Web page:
By David Haughton
Hands up if you played Brink. Anyone? No, just me? Yeah, I don’t blame you. For all its nice ideas, the basics just didn’t add up. But Splash Damage are taking another swing at the formula with the free-to-play title Dirty Bomb. Can they make it work a second time around?
Set in London after a radiological attack, Dirty Bomb has two teams of mercenaries facing off against one another to complete various objectives. Each player will choose up to three of them to take into each battle. Each merc can be equipped with load-out cards to give small boosts and different weapons. The mercs are nice and varied, each with their own special abilities and play style so you’ll quickly find a few favourites. For example, the “Rhino” has a portable mini-gun and lots of health, “Aura” is nimble and can deploy an area of effect healing station, and “Bushwhacker” can put down a sentry turret and use objectives much quicker than other classes. The free-to-play catch is that everyone starts with the same two unlocked and an another three are rotated every week. If you want to unlock a mercenary to use all the time, you’ll need to either save up in-game credits or cough up some real money.
There are three game modes available currently. “Objective”, where one side attacks while the other defends, “Stopwatch”, the same as objective but the teams swap sides and have to beat the attacker’s score, and “Execution”, where players fight over several rounds with one life each, taking turns to try and plant a bomb.
The gameplay has a very arcade feeling to it. Guns have little recoil and you’re encouraged to continually keep moving and wall jumping to be a harder target. Unfortunately, the maps themselves are rather tightly packed in a lot of places so it can often turn into a meat grinder, and since everyone has access to the “Skyhammer” merc, constant airstrikes are a possibility. Players are encouraged, and rewarded, for playing to their classes strengths. If you’re not an objective specialist, it’s going to take ages to disarm that C4. Respawns are tied to a global timer and you generally spawn far from the front lines so medics are naturally encouraged to play to their class. Since you get loads of XP for healing and objectives, along with missions and post-game score giving you credits, you can still have fun and contribute to your team’s victory even if you’re not a dead-eye shot.
I’ve put 50 hours into Dirty Bomb and I can’t say I ran into any bugs. Sure, there are a few balance issues here and there: at one point, if you weren’t playing Phantom or Nader, you were pretty much dead, but as the game is technically in Beta I suppose these things are to be expected. As it stands now though, every class currently feels useful and none feel entirely required for victory. There can be issues simply due the free-to-play nature of the game in that one team can compose entirely of the free mercs, while the other can outclass them by having greater variety.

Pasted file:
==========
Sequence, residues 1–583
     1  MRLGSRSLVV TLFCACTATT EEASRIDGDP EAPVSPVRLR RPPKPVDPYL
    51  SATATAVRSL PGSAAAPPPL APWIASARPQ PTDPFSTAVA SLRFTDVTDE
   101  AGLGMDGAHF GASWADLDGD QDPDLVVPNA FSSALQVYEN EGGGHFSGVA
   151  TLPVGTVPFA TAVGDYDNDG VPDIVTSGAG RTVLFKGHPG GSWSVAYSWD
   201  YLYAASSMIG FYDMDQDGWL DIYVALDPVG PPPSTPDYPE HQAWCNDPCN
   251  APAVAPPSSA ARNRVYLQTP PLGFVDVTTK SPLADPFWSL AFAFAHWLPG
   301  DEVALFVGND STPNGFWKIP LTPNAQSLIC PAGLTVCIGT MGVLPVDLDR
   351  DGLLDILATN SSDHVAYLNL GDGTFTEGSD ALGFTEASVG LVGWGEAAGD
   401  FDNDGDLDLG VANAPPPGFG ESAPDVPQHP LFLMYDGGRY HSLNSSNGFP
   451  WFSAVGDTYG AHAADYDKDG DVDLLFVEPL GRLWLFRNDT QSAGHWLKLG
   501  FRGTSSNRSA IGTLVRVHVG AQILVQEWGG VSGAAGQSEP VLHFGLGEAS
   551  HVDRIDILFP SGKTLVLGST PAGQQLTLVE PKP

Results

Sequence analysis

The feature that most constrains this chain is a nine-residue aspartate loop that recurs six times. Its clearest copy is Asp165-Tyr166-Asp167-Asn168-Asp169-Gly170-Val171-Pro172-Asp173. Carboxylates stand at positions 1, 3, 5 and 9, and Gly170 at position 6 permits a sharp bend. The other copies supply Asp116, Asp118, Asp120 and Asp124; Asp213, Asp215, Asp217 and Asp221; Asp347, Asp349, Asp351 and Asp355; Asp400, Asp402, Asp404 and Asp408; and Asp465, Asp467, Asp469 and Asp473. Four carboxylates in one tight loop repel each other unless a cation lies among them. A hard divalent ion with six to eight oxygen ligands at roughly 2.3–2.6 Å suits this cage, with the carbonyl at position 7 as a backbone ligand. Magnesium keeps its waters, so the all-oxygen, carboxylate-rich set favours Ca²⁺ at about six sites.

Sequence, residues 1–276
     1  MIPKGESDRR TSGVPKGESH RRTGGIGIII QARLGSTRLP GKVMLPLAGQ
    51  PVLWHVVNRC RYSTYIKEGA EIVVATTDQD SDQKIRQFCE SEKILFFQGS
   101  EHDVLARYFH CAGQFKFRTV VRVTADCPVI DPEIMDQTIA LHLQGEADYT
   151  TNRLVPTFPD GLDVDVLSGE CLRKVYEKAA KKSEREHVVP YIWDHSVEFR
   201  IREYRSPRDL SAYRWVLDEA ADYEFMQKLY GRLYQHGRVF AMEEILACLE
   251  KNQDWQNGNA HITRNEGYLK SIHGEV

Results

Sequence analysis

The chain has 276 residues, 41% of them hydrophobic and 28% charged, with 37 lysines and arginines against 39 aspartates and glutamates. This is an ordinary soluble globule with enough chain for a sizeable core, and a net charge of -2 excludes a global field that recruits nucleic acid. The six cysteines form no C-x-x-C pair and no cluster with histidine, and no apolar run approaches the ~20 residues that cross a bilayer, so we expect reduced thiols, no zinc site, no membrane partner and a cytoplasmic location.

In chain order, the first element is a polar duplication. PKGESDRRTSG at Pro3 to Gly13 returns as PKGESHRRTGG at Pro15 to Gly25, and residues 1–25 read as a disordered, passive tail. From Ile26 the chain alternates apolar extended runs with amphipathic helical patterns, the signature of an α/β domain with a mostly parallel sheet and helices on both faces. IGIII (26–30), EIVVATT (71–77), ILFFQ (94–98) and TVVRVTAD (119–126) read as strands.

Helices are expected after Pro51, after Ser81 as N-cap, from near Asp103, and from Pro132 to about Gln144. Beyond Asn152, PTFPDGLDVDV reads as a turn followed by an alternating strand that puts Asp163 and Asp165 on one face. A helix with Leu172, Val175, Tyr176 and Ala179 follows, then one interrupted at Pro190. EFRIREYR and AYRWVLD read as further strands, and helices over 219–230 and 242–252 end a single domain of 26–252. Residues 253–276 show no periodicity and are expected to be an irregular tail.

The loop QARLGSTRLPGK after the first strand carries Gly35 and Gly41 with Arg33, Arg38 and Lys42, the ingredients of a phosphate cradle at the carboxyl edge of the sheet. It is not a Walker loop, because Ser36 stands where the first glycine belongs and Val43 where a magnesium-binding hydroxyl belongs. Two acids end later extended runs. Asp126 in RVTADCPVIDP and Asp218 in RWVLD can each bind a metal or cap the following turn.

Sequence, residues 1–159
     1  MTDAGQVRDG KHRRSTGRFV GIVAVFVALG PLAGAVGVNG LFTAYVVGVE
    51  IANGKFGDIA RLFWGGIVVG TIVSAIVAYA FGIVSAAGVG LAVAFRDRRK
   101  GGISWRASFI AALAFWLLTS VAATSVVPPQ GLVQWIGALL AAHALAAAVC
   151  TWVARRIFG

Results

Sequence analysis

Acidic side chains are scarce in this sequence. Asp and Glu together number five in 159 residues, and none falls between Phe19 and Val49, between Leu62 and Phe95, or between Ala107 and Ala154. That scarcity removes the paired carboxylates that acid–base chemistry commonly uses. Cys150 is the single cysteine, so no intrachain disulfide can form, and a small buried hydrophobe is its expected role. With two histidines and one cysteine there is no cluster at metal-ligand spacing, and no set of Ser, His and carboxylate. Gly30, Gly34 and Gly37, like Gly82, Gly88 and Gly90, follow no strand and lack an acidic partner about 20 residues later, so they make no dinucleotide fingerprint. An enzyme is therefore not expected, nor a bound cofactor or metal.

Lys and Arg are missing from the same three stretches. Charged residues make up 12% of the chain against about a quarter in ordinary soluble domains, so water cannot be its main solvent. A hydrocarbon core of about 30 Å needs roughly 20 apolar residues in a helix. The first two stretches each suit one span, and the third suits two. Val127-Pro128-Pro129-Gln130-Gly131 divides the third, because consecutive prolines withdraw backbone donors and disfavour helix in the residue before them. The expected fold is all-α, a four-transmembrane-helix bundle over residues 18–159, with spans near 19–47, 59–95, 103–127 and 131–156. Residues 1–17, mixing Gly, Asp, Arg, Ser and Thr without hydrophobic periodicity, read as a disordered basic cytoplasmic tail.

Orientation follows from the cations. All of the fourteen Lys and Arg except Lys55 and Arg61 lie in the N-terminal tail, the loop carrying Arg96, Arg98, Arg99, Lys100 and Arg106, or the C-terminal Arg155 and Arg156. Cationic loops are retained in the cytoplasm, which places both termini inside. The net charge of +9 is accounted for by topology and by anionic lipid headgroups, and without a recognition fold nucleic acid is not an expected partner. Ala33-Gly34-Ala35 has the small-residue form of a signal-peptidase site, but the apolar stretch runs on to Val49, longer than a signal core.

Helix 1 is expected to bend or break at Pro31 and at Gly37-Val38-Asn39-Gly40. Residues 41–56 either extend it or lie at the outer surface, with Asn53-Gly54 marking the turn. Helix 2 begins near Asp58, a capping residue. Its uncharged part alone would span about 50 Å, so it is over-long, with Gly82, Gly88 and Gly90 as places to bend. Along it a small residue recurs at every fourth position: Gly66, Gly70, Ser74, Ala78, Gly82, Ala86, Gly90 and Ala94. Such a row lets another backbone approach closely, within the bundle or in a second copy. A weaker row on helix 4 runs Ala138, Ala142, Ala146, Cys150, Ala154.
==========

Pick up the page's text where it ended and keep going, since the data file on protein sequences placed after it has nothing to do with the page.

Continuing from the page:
Graphically, I have no complaints about Dirty Bomb. It’s nothing special but it has a distinct art style and each character can be identified at a distance which is good. It’s well optimised too; I got a respectable framerate on my mid-range laptop and on the desktop (i5 with Radeon R9 380, 8gb RAM) it never dropped below 60fps.
If I have any complaints, it’s that the loadout card system is just a pain. You spend in-game credits to get a random card. It can be something useful, or it can be utterly terrible, although more often than not it’s the latter. You can trade in cards to upgrade them to rarer ones, but these are also random and the credit cost scales exponentially. The only thing that saves this from tanking the whole game is that the cards are more useful for the weapons you get rather than the bonuses – which are thankfully only small boosts or side grades such as being able to wall jump a third time. You get loadout cases just for playing anyway, so you’re just as well saving you credits to unlock mercs.
Overall, I’d recommend giving Dirty Bomb a go if you enjoy class-based team shooters. There is nothing amazingly special about it, but Splash Damage have finally nailed the formula they have been refining since Wolfenstein: Enemy Territory. I never felt pressured to spend any money and you can easily unlock a merc with a week or two of casual play. The mercs themselves rotate frequently enough that you’ll get to try a few quickly. For free, there’s no reason you shouldn’t jump on in and give it a go.
Dirty Bomb is available on PC.